company would manage the funds it raised from Japanese investors in a
separate account from those for its other funds. In reality, the funds
were placed together at Republic New York, they said.

PEI raised several billion dollars from some 300 Japanese investors by
selling bonds through Cresvale International Ltd., its Tokyo-based
Japanese sales arm, they said.

Meanwhile, a separate group of Japanese corporate investors is preparing
to file a class-action lawsuit against PEI. But the three companies in
the Amada group plan to file for damages independently of the other
Japanese companies. Keizo Higuchi, managing director of Amada, said the
three companies will probably file the lawsuit by the end of November.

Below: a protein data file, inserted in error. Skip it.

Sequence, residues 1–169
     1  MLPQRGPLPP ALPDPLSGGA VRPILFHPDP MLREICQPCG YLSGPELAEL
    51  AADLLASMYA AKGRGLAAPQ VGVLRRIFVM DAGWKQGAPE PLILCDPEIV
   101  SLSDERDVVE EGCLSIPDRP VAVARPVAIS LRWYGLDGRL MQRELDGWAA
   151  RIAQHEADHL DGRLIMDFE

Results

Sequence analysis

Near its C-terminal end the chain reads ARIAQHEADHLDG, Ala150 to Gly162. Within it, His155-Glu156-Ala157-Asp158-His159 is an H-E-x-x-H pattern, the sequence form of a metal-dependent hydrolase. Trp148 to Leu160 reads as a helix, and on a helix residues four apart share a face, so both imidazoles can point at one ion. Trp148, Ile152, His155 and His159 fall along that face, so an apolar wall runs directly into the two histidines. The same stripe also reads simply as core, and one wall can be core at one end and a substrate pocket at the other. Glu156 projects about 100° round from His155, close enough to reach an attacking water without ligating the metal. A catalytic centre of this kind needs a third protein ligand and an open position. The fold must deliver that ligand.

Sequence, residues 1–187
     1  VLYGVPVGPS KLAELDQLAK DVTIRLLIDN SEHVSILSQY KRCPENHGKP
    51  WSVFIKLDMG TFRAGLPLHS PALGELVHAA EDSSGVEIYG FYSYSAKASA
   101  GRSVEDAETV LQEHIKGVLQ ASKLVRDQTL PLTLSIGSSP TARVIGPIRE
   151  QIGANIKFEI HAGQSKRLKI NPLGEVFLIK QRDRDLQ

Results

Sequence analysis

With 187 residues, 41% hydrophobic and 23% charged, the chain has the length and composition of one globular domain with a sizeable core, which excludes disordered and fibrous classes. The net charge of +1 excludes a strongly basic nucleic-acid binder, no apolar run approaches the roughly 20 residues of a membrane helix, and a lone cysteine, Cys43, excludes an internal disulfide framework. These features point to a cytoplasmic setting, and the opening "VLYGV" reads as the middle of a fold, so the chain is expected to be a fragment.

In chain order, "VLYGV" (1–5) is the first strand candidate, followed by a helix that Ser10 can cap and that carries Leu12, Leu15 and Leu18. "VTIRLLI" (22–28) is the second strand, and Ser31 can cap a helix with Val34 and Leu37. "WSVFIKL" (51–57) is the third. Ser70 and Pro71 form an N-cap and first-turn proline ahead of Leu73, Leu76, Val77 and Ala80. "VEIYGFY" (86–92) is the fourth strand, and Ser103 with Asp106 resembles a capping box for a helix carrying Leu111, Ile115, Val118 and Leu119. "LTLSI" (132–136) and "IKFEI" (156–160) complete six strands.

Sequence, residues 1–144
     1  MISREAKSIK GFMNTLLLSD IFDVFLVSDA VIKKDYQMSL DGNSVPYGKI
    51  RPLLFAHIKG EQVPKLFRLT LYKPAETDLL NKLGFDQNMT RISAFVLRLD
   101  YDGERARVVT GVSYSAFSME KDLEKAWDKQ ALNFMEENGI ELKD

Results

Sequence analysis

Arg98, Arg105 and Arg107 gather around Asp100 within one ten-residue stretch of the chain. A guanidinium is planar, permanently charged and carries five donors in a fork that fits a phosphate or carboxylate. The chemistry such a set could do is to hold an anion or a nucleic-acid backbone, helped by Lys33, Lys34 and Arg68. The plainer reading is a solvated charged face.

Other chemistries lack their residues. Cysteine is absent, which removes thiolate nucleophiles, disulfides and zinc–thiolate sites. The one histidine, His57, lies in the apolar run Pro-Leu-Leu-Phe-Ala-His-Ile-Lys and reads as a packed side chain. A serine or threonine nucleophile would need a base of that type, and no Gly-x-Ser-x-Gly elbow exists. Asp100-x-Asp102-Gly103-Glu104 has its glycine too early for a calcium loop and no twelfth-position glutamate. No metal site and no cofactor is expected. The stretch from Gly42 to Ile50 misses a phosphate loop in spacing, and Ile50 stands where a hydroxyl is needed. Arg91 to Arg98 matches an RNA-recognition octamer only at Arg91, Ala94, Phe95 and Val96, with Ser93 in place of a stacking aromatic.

"The officials in charge of investment (at the three Amadas) have not
received any rebate and the companies have not used the investments in
the Princeton bonds to hide any losses" incurred in other business
fields, Higuchi said. Higuchi was referring to allegations that some
Japanese companies had used the investment scheme involving Princeton
bonds to conceal balance-sheet losses.

SGL CARBON: Set to Settle Antitrust Suit; Expects to Be Out of Ch 11
SGL Carbon Corporation, one of SGL CARBON AG's (NYSE: SGG) affiliates in
the US reached settlements with the class action plaintiffs, thereby
resolving more than 96% of all claims through out of court settlements.
As a direct consequence, a petition was submitted to the responsible
court for termination of the Chapter 11 proceedings voluntarily
requested end of 1998 to seek protection against excessive demands. On
December 6, the judge has approved the above petition to close the
procedure and therefore the Company expects to wind-up the Chapter 11
case in early 2000.

As announced in previous press releases, SGL CARBON has established a